Another option would be to join a formal study or volunteer program (the Peace Corps being a good example) that will give you a structured community of people you can be with, and a “business” oriented pretext to meet local people. For more info on working or studying or volunteering overseas, check out the resources at Transitions Abroad.

In addition to this advice, introverted vagabonders might want to check out Sophia Dembling’s World Hum article “Confessions of an Introverted Traveler,” including her tip sheet, “Six Tips for Introverted Travelers.”

Posted by | Comments (6)  | February 22, 2010
Category: Vagabonding Advice, Vagabonding Life

6 Responses to “What can an introvert do to meet people on the road?”

  1. Cherie @ Technomadia Says:

    I’m also an introverted nomad. I’ve been on the road full time for 3 years now, within the USA. While I don’t solo travel (I travel with my life mate who is touch more extroverted than I), it can sometimes seem like a hinderance.

    Aside from the advice given, I’ve found ways to leverage my introverted nature to my advantage. I use a lot of online social networking to have an opportunity to take connections to real life when I’m in an area. Having some pre-established context has helped me a great deal to immersing myself in social situations. I also don’t focus on doing the approaching, but instead making myself more approachable by not being as guarded.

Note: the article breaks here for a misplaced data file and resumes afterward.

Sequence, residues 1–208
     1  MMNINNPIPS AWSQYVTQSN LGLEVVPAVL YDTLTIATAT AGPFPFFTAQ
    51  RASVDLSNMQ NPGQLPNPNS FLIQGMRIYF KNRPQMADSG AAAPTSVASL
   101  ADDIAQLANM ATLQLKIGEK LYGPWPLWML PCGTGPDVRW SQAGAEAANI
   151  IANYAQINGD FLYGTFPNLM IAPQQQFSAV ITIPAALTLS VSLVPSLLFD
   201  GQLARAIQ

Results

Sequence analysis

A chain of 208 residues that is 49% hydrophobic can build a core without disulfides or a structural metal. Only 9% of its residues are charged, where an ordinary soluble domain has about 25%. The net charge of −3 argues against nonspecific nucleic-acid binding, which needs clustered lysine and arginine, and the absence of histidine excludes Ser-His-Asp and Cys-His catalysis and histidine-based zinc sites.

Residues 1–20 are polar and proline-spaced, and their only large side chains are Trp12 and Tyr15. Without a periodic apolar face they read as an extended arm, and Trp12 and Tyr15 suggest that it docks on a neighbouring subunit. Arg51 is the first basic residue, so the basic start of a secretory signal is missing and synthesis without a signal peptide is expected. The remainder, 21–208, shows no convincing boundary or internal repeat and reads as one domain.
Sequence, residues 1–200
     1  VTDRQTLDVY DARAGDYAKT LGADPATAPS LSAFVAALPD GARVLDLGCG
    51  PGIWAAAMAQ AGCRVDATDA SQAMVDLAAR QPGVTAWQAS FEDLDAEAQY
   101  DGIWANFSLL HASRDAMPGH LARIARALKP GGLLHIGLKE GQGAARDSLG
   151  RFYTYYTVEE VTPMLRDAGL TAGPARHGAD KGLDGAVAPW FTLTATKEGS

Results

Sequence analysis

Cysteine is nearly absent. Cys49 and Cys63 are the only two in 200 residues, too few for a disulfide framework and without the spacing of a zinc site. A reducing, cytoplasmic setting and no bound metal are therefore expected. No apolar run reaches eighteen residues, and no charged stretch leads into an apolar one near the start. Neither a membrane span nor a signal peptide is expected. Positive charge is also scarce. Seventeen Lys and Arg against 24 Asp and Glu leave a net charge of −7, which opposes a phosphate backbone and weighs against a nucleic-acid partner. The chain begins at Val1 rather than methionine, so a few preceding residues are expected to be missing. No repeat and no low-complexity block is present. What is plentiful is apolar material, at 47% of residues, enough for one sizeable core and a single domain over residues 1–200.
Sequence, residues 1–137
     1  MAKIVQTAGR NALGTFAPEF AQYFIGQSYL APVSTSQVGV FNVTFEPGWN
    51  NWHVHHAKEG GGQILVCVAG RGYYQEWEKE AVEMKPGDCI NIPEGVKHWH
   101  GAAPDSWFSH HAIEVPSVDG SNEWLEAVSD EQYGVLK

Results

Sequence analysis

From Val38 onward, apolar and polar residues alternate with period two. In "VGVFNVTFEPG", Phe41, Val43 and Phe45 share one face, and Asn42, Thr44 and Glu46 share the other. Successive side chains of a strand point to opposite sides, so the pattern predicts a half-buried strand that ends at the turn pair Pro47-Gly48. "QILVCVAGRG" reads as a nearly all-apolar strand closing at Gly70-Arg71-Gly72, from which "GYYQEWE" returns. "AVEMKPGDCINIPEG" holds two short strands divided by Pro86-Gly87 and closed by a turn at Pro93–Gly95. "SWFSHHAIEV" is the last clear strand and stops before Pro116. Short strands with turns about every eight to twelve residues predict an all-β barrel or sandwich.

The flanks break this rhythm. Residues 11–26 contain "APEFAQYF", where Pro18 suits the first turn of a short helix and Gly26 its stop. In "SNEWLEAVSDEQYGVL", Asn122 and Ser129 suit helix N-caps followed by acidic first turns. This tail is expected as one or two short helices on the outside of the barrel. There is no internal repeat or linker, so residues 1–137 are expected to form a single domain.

Traveling for so long has helped ‘cure’ a good bit of my introversion – and I’m far more sociable than I ever have been before. When I want to be, I’m far more approachable and can take conversations from there. You still won’t catch me striking up conversations with strangers tho. 🙂

  2. Erin Says:

    I have a similar problem, but things do get easier on the road. I agree with all of Rolf’s advice. I found volunteering was a great way of meeting people, and couchsurfing is a good way to meet local people too.

  3. Keith Says:

    Good advice, Rolf. As someone gearing up for solo travel, I found these tidbits useful.

  4. Enrique R: Says: